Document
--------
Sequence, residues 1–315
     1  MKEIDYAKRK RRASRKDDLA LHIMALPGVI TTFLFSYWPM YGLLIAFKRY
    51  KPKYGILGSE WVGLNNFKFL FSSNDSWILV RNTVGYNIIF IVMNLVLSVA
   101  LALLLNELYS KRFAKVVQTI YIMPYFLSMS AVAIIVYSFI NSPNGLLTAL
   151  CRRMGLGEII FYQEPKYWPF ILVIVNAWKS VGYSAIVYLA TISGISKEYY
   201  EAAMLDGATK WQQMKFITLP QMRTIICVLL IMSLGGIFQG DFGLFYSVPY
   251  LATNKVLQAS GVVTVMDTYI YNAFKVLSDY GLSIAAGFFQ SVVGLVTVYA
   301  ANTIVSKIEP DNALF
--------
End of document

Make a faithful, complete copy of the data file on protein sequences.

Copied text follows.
Sequence, residues 1–315
     1  MKEIDYAKRK RRASRKDDLA LHIMALPGVI TTFLFSYWPM YGLLIAFKRY
    51  KPKYGILGSE WVGLNNFKFL FSSNDSWILV RNTVGYNIIF IVMNLVLSVA
   101  LALLLNELYS KRFAKVVQTI YIMPYFLSMS AVAIIVYSFI NSPNGLLTAL
   151  CRRMGLGEII FYQEPKYWPF ILVIVNAWKS VGYSAIVYLA TISGISKEYY
   201  EAAMLDGATK WQQMKFITLP QMRTIICVLL IMSLGGIFQG DFGLFYSVPY
   251  LATNKVLQAS GVVTVMDTYI YNAFKVLSDY GLSIAAGFFQ SVVGLVTVYA
   301  ANTIVSKIEP DNALF